Date of Award


Document Type

Open Access Dissertation

Degree Name

Doctor of Philosophy in Materials Science and Engineering (PhD)

Administrative Home Department

Department of Materials Science and Engineering

Advisor 1

Yun Hang Hu

Committee Member 1

Stephen Hackney

Committee Member 2

Ranjit Pati

Committee Member 3

Loredana Valenzano-Slough


The surge of methane as the major component of natural gas and a dominant greenhouse gas calls for the development of efficient strategy to convert it into valuable liquid chemicals such as methanol. However, the current industrial method for methanol synthesis, which consists of the stream reforming of methane (SRM) to syngas and the followed reaction of syngas to methanol, is rather energy-intensive. Direct conversion of methane into methanol (DMTM) is highly desirable in terms of energy efficiency and economy. DMTM with water as oxidant, i.e. SRM to methanol, is a promising solution but the development highly efficient and selective catalyst remains a critical challenge. Mo6S8-based catalysts have shown possible potential for this reaction process. In this thesis, for the first time, the feasibility of using Mo6S8 cluster and a series of single metal atom (K, Ti, Co, Fe, Ni, Cu, Rh) doped Mo6S8 as catalysts for SRM to methanol were evaluated via DFT calculation.

Chapter 4 provided the structure of Mo6S8 and M-Mo6S8 (M=K, Ti, Co, Fe, Ni, Cu, Rh) clusters and confirmed that they were stable under the reaction condition of SRM.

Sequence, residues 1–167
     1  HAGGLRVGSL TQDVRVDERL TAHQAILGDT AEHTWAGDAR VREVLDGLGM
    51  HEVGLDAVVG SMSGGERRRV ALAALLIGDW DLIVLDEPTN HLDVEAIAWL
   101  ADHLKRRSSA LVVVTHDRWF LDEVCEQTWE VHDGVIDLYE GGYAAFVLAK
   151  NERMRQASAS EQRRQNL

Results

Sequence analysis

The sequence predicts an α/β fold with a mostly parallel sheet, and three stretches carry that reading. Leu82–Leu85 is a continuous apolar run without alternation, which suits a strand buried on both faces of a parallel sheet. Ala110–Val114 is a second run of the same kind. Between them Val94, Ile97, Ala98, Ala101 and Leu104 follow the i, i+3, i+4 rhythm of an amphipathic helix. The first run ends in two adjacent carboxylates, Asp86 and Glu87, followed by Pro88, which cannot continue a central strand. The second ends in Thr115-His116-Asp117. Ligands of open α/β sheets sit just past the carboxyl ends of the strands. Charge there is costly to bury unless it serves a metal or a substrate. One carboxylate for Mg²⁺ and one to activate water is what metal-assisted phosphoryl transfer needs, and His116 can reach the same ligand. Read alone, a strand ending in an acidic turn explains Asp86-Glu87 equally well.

The catalytic behaviors of Mo6S8 and M-Mo6S8 clusters toward CH4 adsorption and dissociation were evaluated in chapter 5. All metal dopants, except K and Rh, showed enhanced CH4 adsorption compared to bare Mo6S8 via the ensemble effect (the direct participation of M in binding), while CH4 adsorption was weakened on K- and Rh-Mo6S8 due to the ligand effect (the modification of the electronic structure of Mδ+ and Moδ+). Meanwhile, the doping of Co, Fe, Ti, Ni, and K accelerated the first hydrogen abstraction of CH4 while all the metals suppressed the further dissociation of *CH3, suggesting their great potential for selective CH3OH synthesis and high coking resistance.

In chapter 6, the catalytic behaviors of Mo6S8 and M-Mo6S8 clusters toward H2O adsorption and dissociation were evaluated. H2O adsorption was enhanced by all metal dopants except Rh. The ensemble effect was dominating in enhancing the H2O adsorption. Compared to the bare Mo6S8 cluster, the first hydrogen abstraction was enhanced by all the single metal atom dopants, whereas the second abstraction was mostly suppressed except Ti and Fe. Furthermore, since H2O possessed stronger adsorption than CH4 on the same active site, the initial step for CH3OH synthesis via SRM was considered to be the dissociation of *H2O to *OH and/or *O species.

Based on the results obtained in the above chapters, in chapter 7, the reaction pathways of SRM to methanol on Mo6S8 and M-Mo6S8 were set up and the energy barrier for each elementary step was calculated.